Not Very Bright

I was looking through my alumni magazine for my high school and I saw a picture of my friend.  It said my friend from high school was the co-chair of the auction and raised one million dollars in one night.

I remembered when I was in high school and I was talking to our college counselor. It came up that our class didn’t get into as good of colleges as the years before.  I asked our college counselor why he thought my class didn’t get into good colleges. My college counselor said, “Well, your class just isn’t very bright.”

When I looked at the picture of my friend in the alumni magazine, I thought, “raising one million dollars in one night for the school doesn’t sound like ‘not very bright.’”

Later, as I was doing the dishes, I thought about how our college counselor had called our class stupid. I wondered what my life would be like if I didn’t believe anybody was stupid.  I started to cry as I thought, “If I really believed there is no such thing as stupid, my life would completely change—for the better.”

I thought, “Could I really believe that nobody is stupid?” I really wanted to believe that nobody is dumb. Then I thought of the college counselor who told me when I was 17 that our class wasn’t bright.  “Oh, he’s an idiot,” I thought. “It will really show a lot growth if I can believe he’s not stupid.”

When I’ve decided to believe, in the past, that no one is stupid, it’s really helped me.  So I worked hard on believing my college counselor wasn’t an idiot.  Later, when I was going to the bathroom in my bedroom, I thought, “He may not have been stupid, just afraid.  He was the college counselor and the kids didn’t get into good colleges and maybe he was afraid of getting fired.  Instead of blaming himself, he blamed the kids for not getting into Ivy League Schools.  It wasn’t a lack of intelligence–it was fear.”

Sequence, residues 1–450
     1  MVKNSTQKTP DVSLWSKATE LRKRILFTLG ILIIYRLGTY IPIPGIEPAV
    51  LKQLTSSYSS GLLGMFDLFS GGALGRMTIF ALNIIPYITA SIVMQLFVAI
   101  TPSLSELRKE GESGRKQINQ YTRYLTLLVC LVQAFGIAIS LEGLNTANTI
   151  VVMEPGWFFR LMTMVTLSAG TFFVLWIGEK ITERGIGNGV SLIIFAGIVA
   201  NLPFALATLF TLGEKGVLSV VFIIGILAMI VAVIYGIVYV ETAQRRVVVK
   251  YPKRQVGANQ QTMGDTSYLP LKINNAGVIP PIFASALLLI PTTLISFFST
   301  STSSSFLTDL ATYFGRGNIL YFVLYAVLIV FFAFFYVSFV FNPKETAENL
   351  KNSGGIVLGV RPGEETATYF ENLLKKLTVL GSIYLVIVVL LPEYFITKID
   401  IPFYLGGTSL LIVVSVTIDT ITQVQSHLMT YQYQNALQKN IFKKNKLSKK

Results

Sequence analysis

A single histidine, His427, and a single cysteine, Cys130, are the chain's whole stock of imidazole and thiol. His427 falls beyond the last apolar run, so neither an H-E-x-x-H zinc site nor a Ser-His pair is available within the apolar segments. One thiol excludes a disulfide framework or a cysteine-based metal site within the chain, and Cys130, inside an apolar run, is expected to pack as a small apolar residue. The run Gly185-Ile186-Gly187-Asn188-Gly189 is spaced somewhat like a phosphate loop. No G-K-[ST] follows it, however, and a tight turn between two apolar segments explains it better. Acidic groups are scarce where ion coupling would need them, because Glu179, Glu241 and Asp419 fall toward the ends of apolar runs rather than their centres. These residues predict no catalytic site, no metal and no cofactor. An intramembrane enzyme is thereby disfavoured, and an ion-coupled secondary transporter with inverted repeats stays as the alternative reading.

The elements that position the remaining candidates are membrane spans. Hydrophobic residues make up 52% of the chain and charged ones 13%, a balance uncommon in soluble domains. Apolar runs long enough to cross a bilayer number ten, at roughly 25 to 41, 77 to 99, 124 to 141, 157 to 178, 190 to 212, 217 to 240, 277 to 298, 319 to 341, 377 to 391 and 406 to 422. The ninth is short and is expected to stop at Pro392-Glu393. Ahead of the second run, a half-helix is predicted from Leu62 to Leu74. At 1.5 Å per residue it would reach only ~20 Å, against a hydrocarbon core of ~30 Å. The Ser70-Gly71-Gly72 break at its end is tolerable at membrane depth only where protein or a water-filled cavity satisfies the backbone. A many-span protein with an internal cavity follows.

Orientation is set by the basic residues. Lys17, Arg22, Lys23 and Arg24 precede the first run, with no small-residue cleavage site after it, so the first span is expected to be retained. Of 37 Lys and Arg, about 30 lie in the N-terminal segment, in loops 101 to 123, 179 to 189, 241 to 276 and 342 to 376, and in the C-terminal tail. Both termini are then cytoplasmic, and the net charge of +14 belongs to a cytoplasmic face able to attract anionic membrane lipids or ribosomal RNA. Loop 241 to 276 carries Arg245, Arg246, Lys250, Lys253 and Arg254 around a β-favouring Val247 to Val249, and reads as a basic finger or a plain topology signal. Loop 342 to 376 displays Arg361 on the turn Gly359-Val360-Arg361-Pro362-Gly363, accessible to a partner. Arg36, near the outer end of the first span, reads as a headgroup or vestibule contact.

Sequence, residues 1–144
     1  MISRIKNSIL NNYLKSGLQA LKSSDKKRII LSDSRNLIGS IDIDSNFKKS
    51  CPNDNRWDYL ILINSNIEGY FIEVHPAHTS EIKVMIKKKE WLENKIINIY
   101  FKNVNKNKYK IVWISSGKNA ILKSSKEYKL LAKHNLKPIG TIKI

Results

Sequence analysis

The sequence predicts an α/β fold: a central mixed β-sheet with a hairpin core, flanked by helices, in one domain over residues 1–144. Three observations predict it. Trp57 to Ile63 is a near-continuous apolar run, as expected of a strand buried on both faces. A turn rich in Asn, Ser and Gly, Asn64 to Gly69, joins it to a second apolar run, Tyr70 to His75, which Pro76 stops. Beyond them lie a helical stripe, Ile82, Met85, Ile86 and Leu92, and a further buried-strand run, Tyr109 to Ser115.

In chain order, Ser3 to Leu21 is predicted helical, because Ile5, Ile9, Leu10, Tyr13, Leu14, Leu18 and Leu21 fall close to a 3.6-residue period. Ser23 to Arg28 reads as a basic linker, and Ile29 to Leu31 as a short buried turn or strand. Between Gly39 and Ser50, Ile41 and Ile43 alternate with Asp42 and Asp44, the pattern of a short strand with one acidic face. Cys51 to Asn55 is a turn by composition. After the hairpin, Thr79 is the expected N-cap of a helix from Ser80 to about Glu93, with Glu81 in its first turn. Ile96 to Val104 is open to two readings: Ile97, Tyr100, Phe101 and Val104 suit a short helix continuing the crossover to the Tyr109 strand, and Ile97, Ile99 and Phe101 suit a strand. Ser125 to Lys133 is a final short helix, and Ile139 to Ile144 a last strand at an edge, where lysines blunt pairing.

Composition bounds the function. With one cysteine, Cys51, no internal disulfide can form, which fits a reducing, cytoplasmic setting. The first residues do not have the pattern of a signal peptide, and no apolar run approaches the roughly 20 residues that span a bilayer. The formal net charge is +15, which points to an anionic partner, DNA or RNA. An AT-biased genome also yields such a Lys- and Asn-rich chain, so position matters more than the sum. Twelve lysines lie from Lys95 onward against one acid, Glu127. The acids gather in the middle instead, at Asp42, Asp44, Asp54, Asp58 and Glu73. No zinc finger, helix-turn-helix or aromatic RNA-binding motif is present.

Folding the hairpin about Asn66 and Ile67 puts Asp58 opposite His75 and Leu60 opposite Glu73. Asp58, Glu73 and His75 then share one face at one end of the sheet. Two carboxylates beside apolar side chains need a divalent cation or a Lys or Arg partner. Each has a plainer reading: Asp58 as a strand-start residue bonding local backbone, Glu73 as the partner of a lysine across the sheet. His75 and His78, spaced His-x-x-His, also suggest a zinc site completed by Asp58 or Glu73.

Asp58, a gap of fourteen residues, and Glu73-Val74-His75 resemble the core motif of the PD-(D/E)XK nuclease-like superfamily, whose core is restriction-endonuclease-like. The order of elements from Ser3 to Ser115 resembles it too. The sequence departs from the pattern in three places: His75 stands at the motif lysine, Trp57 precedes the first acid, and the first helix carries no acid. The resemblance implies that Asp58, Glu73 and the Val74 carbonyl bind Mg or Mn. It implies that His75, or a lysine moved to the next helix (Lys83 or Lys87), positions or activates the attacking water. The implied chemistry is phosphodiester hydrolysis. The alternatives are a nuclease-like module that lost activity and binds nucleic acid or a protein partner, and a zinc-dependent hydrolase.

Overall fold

I thought, “I understand that. I often do things that aren’t the best choices because I am afraid. I know better, but because I’m afraid, I don’t do what’s in my best interest.”

Like sometimes, when I’m with my autistic son, Cal, I’ll act in a way, that later I could tell you isn’t the best way to be, but I act out of fear he’s going to scratch or bite me.

Every Tuesday night, my husband gives me a dialogue.  A dialogue is a where he asks me questions about how I feel in a nonjudgmental way to help me see my beliefs so I can decide if I want to keep my beliefs or change them.

We do dialogues with all the people who work with my son with autism and we learned this tool because of our training to help our son.